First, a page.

The bazaar is also where she’ll be introducing people to our new Faces in the Common section of our publication. New this month, we’ll be collecting photos of the people in our community at this and all future community events, and sharing those with everybody on our online publication at www.marketcommoninsider.com, as well as on our Facebook page. Your photo may even be selected to be published in our print edition! This is another avenue for us to connect our community.
“I like the fact that this paper is a year and a half old, and it’s growing so fast. It’s a feel good paper. I love hearing the feedback from advertisers, listening to their success stories—it pretty much sells itself. I hear a lot of great things about our paper, and I just love the whole process. It would be different if I had to promote kitchen knives,” Latoya says with a laugh.
Latoya’s personality radiates positivity and support. She seems to make an impression on people wherever she goes, and finds the time to talk to everybody.
“It’s what I like most about going to these events,” she says. “I love people. It’s love that has prepared me for this position. I’ve had a lot of different jobs in the past, but doing public relations is my favorite. I’m passionate about it.”
“We’re continuing to get more involved in our community,” Jim says. “And Latoya is our voice and face for that. The first time that she went to one of these events, we brought a chair for her to use, and she was there for 6 hours and never sat down once. Not everybody can go to an event and interact with people the way she does. She almost becomes the event— working it for the vendors’ benefit as well as ours. She really rolls her sleeves up and gets involved.”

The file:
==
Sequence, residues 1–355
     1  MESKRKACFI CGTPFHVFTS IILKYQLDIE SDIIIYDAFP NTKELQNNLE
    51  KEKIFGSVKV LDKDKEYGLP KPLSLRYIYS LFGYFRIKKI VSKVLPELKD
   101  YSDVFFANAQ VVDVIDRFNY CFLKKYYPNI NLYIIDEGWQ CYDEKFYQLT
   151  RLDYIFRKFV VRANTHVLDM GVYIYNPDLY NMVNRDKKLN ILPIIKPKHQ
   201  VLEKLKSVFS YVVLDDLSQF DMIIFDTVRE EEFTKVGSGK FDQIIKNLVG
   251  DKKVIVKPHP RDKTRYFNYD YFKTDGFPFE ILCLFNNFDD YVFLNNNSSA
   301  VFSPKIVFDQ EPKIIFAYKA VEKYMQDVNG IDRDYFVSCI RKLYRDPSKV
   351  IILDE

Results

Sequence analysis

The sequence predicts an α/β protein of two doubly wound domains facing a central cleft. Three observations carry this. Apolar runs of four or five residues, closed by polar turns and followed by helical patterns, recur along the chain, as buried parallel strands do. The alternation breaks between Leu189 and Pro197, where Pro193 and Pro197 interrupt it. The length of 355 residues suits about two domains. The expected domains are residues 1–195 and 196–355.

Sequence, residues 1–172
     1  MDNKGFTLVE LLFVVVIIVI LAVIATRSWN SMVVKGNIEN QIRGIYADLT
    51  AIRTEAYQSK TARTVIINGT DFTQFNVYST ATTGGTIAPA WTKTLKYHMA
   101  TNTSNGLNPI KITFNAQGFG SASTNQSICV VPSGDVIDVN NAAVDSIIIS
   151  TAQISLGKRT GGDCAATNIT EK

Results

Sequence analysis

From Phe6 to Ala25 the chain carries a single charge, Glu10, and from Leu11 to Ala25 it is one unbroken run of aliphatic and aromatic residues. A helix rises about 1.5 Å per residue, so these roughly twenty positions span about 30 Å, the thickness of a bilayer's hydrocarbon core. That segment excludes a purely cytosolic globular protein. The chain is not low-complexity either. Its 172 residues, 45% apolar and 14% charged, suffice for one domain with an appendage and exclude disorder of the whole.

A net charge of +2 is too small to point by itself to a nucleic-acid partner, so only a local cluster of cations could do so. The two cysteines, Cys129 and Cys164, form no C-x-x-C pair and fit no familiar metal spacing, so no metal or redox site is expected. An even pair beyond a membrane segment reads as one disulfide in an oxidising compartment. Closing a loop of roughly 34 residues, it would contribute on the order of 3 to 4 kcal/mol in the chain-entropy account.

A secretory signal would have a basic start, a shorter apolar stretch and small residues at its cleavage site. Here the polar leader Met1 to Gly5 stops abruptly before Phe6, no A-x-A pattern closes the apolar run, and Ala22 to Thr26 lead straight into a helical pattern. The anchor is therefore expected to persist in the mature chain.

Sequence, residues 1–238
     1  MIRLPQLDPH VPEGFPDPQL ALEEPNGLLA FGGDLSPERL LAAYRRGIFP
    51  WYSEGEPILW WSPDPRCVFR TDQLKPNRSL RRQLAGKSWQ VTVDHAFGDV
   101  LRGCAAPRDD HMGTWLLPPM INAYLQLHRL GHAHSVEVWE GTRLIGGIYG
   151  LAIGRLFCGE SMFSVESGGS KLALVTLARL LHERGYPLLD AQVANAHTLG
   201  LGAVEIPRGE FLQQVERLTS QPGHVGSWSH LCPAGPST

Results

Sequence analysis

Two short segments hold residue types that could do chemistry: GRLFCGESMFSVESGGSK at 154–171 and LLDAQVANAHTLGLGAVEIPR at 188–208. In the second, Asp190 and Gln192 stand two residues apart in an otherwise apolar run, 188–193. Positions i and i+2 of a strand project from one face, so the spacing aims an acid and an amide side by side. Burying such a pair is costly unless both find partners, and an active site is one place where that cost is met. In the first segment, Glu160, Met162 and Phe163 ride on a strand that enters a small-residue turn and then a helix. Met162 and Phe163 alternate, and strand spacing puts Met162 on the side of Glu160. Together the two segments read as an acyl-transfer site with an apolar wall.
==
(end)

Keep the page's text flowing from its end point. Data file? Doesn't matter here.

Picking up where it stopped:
“When I’m out there, since I’m a vendor too, I want to engage with them, as well as with the public,” she tells me. “It’s like we’re a team out there, and I’m working alongside of them. It’s important to treat people the way you want to be treated.”
“I know that these vendors are honest, hard working people,” Latoya says. “They grow their own plants, or produce honey, or weave yarn. People are proud to buy products that are made in America, and in this case, not only are you doing that, but you’re buying from the community and supporting it.”
“Latoya brings a lot of synergy to the whole event, because she engages with what not only we’re doing, but what they’re doing too,” Jim says. “I feel that’s so important because community support is what this is all about.
“We’ve been committed to supporting the farmers markets since the beginning of the paper. And we’re thrilled that it’s growing. I’m excited about the community, where it’s at, and where it’s going.”
The Holiday Bazaar
The Holiday Bazaar, runs Saturdays, November 4-December 16 from 12-4 pm on Howard Avenue in the Market Common.
Come out to get your photo taken with us and be featured in our new Faces in the Common section of the Insider